Alesia Young is busy these days.
She has, after all, recently put the finishing touches on her senior honors thesis. In addition to long hours of research and paper work, she decided to present her thesis in the form of a dance concert.
A double major in dance and American studies with a focus in multiculturalism, Young’s project combines the two disciplines. The choreography examines the influence black history has on American contemporary dance.
Young says she “benefited from having a diverse college experience.”
Young first examined African influence in contemporary American dance, then began to study movement. Young points out that these traits range from subtle to obvious.
She adds that the indications of African influence in American culture call into question the concept of “Black Dance.”
In her concert, “Moving Truth,” Young uses choreography to probe the question further, but does not come up with any answers.
“The work is not intended in its construction to define or personify “black dance” merely because I am of African descent,” says Young. “It’s more of a personal exploration than a survey of opinion.”
A thesis’ worth of wondering who is qualified to define black dance, Young says, led her into a personal journey toward her own identity.
“Moving Truth,” which began as a self-choreographed solo, became a question of identity. The choreographer’s quote in the concert program reads, “I am Moving (in) Truth because I am (moving) in tune with the rhythms of nature.”
Young directs and choreographs “Moving Truth.” She is also technical, lighting and costume designer – and she will dance a solo in the show.
Many students from the theater and dance department loaned a helping hand, Young says. Andrea Chatham, a radio and television major and Presidential Arts Scholarship recipient in dance, chipped in as acting videographer for Young’s piece. Andrew Nannis contributed public relations advice.
And fortunately, Young already cleared one of the biggest jobs from her to-do list.
“The technical production is being taken care of by SPADE,” Young explains with a sigh of relief.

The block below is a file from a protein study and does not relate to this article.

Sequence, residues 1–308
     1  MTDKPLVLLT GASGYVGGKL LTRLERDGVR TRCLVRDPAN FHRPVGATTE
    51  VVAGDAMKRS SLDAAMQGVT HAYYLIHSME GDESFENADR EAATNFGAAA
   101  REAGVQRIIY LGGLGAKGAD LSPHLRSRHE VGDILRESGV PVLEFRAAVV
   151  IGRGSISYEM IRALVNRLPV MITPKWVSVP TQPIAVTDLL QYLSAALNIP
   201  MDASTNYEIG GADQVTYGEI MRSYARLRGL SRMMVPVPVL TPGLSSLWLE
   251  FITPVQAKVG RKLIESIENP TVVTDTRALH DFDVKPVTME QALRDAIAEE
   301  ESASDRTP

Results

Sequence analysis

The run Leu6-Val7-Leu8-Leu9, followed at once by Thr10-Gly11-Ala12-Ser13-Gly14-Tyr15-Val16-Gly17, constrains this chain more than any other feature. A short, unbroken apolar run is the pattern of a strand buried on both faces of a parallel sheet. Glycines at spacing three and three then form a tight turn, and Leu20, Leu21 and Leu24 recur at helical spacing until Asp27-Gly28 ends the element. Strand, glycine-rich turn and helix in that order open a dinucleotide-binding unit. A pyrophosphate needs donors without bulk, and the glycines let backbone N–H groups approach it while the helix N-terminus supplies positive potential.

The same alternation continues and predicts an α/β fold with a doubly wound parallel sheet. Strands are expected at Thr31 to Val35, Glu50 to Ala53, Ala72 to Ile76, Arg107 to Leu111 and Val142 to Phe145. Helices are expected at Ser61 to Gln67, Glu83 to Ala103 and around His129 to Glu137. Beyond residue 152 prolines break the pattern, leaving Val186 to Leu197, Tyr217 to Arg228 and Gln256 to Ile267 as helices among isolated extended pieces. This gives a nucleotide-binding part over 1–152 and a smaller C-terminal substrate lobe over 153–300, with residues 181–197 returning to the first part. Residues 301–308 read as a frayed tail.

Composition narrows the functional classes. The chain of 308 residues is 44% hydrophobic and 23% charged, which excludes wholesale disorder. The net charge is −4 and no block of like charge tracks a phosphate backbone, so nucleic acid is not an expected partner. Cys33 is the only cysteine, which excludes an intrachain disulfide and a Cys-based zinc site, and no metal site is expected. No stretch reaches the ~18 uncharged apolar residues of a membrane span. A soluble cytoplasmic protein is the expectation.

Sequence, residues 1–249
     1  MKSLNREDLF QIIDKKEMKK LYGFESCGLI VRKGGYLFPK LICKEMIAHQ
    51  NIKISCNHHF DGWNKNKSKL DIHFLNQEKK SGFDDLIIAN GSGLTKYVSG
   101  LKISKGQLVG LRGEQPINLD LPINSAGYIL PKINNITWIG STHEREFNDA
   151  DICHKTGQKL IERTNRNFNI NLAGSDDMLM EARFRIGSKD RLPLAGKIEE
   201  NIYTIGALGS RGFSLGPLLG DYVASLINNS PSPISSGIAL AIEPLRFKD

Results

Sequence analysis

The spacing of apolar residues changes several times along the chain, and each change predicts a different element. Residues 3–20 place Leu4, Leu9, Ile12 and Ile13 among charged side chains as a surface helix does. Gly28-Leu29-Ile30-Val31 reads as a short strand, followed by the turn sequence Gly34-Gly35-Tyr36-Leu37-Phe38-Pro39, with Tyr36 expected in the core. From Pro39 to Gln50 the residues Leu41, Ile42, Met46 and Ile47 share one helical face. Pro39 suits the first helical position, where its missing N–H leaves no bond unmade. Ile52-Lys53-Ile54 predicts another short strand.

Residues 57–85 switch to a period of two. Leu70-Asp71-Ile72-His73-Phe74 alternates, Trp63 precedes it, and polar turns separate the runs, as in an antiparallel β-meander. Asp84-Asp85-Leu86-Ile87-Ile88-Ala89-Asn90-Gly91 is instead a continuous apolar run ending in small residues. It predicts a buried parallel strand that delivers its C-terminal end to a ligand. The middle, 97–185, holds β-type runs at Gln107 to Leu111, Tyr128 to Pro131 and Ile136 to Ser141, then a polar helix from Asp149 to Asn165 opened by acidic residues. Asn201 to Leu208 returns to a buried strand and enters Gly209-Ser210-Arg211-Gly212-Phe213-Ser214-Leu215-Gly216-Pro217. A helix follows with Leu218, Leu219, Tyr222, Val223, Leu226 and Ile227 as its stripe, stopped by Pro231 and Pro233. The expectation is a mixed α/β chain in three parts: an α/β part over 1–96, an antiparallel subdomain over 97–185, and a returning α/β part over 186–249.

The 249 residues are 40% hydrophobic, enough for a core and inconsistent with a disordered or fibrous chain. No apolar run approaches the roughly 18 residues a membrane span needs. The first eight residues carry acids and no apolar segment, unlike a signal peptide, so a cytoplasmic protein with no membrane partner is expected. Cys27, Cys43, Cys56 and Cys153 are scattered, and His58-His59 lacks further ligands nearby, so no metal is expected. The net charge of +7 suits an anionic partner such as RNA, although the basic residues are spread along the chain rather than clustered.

The annual Student Performance Art Dance Event precedes Young’s own concert. SPADE organizers agreed to coordinate lighting in addition to helping with the technical aspects of Young’s concert.
Young presented her first group work and performed a self-choreographed solo last year in SPADE, which features original works by student dancers, musicians, actors and performance artists, many of whom are Young’s peers and friends. In fact, most of her cast members will be featured in both performances this weekend.
Young says her dancers have also helped move her project along.
“My dancers and I took our own movement experience and created a work,” she explains.
Many of the dancers have their own choreographic experiences under their belts. Two of the dancers, Crystal Akens and Jessica Phillips, will present their own creations in SPADE the night before.
Young describes her choreography as “collaborative,” soaking up input from the performers.
“They wouldn’t say that, though,” she admits.
The dancers do not realize how deeply they inspire her, Young says. “I need their energy and physicality.”
Young started dancing at age six, taking classes in ballet, tap and jazz. She did not begin taking modern dance, the medium she chose for her concert, until high school.
Although a captivating performer, Young says she prefers to choreograph.
“I don’t get as much out of it as people seem to get from watching,” she says.
“Moving Truth” is just the latest enterprise in a long list of achievements that reveal a woman committed to applying black heritage to her roles as dancer and leader.
Young is a Presidential Arts Scholar in dance, founder of GW’s Capoeira Angola Club and dance liaison for Shades of the Fine Arts. She is co-director of the Annual International Capoeira Conference hosted at GW. Once a week, Young teaches a creative movement dance class to pre-school children at the world bank.
Earlier this semester, Young was awarded the Dr. Martin Luther King Jr. Award for outstanding community service. The prestigious honor is awarded to students who exemplify King’s ideals throughout college.
Young will graduate this May. She says hopes to start graduate school during the fall of 1999 and work toward an MFA in dance with a focus on education. Later, she hopes to work and study dance in California.
Falling during Black Women’s Week, “Moving Truth” is a celebration. In truth, Young is a moving force.